Counterfeits cottage industry busted by trading standards
In a case brought by Denbighshire County Council Trading Standards a fraudster who set up a cottage industry importing and selling game console security circumvention devices, computer games, portable music players and clothing has been given a 52 week prison sentence suspended for 12 months.
Scott Cooke, of Rhyl, was also sentenced to 300 hours unpaid work and a 3 month curfew between the hours of 5.00pm and 8.00am, to be monitored by an electronic tag.
Following a lengthy prosecution which included two adjourned trials Cooke pleaded guilty to a total of 17 offences under the Fraud Act 2006, The Trade Marks Act 1994 and the Copyright Designs & Patents Act 1988.
During a North Wales wide anti counterfeiting operation targeting markets and car boot sales, coordinated by the North Wales Fair Trading group, Cooke was found to be operating a car boot stall selling R4 devices, counterfeit Nintendo DS games and counterfeit Apple iPods. The execution of a warrant at his property revealed the operation of a significant business importing and selling these illegal and counterfeit products via the internet. A cash seizure of over £1500 was also made.
Cooke had operated the business over a 10 month period in 2009, by importing the illicit goods using websites in China and Hong Kong. In addition to operating at markets and car boot sales he advertised the goods for sale using eBay and then despatched the goods nationwide. It was also established that he was in the process of setting up his own websites dedicated to selling the illegal goods. He built up a turnover of over £17,000 and the loss to the electronic games industry was estimated at some £30,000.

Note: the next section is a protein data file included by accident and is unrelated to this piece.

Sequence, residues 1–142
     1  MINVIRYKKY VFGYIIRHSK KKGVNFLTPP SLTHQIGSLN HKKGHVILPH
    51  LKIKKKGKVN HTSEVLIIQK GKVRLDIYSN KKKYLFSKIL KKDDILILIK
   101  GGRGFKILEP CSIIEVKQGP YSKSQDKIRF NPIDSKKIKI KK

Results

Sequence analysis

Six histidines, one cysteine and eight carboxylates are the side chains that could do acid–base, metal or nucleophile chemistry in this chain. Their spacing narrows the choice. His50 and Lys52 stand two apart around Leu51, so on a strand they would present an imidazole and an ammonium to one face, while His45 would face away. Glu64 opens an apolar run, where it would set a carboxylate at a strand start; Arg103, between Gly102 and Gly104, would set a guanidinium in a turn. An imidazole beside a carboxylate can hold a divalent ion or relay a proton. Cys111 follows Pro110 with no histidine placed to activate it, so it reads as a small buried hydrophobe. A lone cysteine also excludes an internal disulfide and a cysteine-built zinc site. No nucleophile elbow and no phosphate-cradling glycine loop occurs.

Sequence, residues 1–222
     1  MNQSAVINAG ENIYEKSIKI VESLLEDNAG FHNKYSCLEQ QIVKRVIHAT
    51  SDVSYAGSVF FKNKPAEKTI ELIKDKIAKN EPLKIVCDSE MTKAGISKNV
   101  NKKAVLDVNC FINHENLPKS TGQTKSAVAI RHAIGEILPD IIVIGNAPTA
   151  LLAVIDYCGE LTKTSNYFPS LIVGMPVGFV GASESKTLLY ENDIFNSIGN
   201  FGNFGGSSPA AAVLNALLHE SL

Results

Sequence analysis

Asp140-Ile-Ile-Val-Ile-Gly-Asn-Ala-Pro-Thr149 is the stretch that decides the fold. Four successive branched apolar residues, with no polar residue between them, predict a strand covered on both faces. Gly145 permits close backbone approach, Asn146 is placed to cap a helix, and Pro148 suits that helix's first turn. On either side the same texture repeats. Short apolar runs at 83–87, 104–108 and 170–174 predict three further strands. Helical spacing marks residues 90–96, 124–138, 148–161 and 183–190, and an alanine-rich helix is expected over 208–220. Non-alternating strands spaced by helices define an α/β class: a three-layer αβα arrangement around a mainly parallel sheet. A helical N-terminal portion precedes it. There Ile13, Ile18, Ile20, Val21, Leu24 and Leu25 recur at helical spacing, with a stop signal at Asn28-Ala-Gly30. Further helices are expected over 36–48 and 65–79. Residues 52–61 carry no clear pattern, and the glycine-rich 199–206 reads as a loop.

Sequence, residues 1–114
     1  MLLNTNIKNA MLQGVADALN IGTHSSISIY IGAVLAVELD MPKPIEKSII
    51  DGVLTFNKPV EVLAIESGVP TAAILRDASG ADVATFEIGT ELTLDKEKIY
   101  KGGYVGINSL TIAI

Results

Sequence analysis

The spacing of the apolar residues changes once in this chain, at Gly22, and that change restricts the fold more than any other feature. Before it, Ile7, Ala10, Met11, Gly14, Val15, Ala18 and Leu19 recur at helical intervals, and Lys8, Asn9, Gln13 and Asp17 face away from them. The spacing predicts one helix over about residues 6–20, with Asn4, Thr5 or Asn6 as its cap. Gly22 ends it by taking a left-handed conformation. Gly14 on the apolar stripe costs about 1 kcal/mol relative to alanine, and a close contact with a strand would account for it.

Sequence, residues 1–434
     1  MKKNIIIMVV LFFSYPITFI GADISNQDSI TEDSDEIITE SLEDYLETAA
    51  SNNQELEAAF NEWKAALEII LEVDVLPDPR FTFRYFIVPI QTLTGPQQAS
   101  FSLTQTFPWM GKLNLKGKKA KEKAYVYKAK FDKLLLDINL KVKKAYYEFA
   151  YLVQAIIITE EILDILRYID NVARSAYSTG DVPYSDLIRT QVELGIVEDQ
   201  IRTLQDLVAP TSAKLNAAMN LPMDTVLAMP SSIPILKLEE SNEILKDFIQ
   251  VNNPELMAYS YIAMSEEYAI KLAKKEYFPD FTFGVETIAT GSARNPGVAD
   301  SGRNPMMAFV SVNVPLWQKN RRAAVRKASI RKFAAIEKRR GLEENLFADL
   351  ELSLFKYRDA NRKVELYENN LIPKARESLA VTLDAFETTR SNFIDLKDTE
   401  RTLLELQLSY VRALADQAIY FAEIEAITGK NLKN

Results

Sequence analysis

Cooke admitted participating in a fraudulent business by making and selling R4 devices designed to circumvent the security measures of a Nintendo DS console. He also admitted the unauthorised use of the trade marks of Nintendo, Apple, Sony and Ed Hardy.
Scott Cooke was also sentenced to 300 hours unpaid work and a 3 month curfew between the hours of 5.00pm and 8.00am, to be monitored by an electronic tag.
Judge Niclas Parry sitting at Mold Crown Court said that this matter was so serious that it crosses the custody threshold. He said it is an offence of academic proportions and cited the aggravating factors as the number of offences, the length of offending and volume of goods involved. Judge Parry also said that legitimate businesses lose profit, people lose jobs and paying consumers are conned from such crimes.
In suspending the prison sentence Judge Parry took into account the personal circumstances of the defendant in that he is the sole carer for his 10 month old son and also has a 14 year old daughter.
A proceeds of crime investigation will now take place.